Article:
Arguably the most astonishing findings in the past decade of mind-body medicine have been the effect of multi-faceted group therapies on people with life- threatening illnesses. In brief:

Stanford University psychiatrist David Spiegel studied metastatic breast cancer patients who participated in a group therapy program that emphasized social support, emotional expression, assertiveness, and self-hypnosis for relaxation. Women who participated in these groups lived twice as long as members of a control group who did not participate.

University of Miami psychologist Michael Antoni, Ph.D. has shown that group therapy for stressed HIV patients-- including relaxation, emotional expression, cognitive restructuring, and social support--helped prevent decline of their CD4 cells. Patients who stayed with the program after its completion were less likely to develop AIDS two years later.

U.C.L.A. psychiatrist Fawzy I. Fawzy provided group therapy to melanoma (skin cancer) patients, and followed their progress for six years. The treatment included relaxation, cognitive therapy to develop active coping, and psychological support. Compared with non-participants with the same disease, the group members had one- third the rate of recurrence and death.

University of California cardiologist Dean Ornish, M.D. led a landmark study in which heart disease patients participated in a group lifestyle change program, including dietary modification, exercise, relaxation, yoga, visualization, and group therapy that emphasized the sharing of emotions, "opening your heart," and spirituality. Participants experienced marked reversal of heart disease, proven with scans that showed the opening of previously blocked arteries.

Based upon my own readings and discussions with these investigators, it became clear that all these programs stimulated development of Immune Power traits. Indeed, these groups may have facilitated healing by evoking patients' resiliency characteristics. Being in a group with others undergoing the same fear and anguish creates an atmosphere in which people's strengths--their self-care, compassion, and fighting spirit--can flourish.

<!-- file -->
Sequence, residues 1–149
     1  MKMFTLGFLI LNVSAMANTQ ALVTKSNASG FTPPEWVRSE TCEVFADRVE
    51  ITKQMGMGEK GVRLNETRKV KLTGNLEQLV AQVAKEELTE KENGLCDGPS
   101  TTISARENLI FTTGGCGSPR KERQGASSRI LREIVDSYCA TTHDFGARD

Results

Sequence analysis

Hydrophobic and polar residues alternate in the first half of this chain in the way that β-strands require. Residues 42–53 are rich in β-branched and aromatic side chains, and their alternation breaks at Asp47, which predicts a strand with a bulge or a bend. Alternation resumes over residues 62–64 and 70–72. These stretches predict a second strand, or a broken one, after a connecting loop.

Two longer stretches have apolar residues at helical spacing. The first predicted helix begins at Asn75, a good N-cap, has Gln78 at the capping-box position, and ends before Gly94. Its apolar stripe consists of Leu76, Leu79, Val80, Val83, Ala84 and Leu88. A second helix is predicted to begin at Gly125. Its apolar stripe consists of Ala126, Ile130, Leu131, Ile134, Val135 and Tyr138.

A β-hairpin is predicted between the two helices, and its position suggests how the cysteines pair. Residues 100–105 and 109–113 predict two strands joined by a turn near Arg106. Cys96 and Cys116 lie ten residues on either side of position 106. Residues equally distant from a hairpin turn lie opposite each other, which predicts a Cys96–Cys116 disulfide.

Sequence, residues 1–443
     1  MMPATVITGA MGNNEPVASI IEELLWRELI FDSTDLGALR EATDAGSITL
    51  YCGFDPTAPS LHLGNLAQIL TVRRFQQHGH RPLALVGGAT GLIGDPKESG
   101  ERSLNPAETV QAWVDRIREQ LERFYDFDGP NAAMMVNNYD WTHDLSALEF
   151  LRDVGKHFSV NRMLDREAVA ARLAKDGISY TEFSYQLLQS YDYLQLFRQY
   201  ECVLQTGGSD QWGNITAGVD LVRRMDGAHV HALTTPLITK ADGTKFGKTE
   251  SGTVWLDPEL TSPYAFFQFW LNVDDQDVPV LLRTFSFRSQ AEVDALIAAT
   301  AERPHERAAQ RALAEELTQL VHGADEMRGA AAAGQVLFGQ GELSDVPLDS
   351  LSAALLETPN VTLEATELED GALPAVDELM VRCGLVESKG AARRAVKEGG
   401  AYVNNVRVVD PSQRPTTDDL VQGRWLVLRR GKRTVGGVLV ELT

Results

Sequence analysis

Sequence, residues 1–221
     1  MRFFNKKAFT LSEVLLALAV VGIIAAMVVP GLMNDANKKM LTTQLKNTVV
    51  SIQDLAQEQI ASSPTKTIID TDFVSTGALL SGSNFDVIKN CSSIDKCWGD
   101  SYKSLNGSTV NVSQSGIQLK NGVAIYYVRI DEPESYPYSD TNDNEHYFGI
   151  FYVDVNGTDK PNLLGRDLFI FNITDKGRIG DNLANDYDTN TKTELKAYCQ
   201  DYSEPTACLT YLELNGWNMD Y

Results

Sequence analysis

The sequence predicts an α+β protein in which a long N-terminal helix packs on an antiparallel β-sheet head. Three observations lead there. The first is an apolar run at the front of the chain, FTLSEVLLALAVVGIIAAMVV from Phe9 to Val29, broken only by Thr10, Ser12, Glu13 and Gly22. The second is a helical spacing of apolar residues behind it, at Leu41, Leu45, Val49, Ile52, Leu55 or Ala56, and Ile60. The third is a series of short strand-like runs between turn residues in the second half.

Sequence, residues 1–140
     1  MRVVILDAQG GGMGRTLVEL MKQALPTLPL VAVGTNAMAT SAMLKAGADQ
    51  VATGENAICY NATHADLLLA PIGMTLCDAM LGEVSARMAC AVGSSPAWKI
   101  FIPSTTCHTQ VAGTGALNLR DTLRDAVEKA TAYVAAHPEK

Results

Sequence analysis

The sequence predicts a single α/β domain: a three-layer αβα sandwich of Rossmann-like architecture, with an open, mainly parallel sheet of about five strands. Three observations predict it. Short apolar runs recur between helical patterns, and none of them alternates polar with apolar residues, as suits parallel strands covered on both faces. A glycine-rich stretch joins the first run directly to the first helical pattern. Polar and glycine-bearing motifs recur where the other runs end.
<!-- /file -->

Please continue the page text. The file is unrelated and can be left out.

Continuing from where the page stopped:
All of us can cultivate Immune Power traits. We each have a unique way of communicating love, confiding in others, becoming hardy, asserting ourselves, attending to our needs, finding our purpose, and expressing our many-sidedness. The differences among us are based on variations in culture, upbringing, genes, and style. We must therefore find our own path to each of these heath-promoting traits. They are not blueprints for who we should become, they are conduits to realization of our authentic selves. According to seven visionary scientists, realizing our authentic selves is among the most powerful health prescriptions we can adopt.

From THE IMMUNE POWER PERSONALITY by Henry Dreher. Copyright @ Henry Dreher, 1995.
Reprinted and located at: http://www.thebody.com/dreher/develop.html
Reprinted by arrangement with Dutton Signet, a division of Penguin Books USA, Inc. To order the book please call 1-800-253-6476.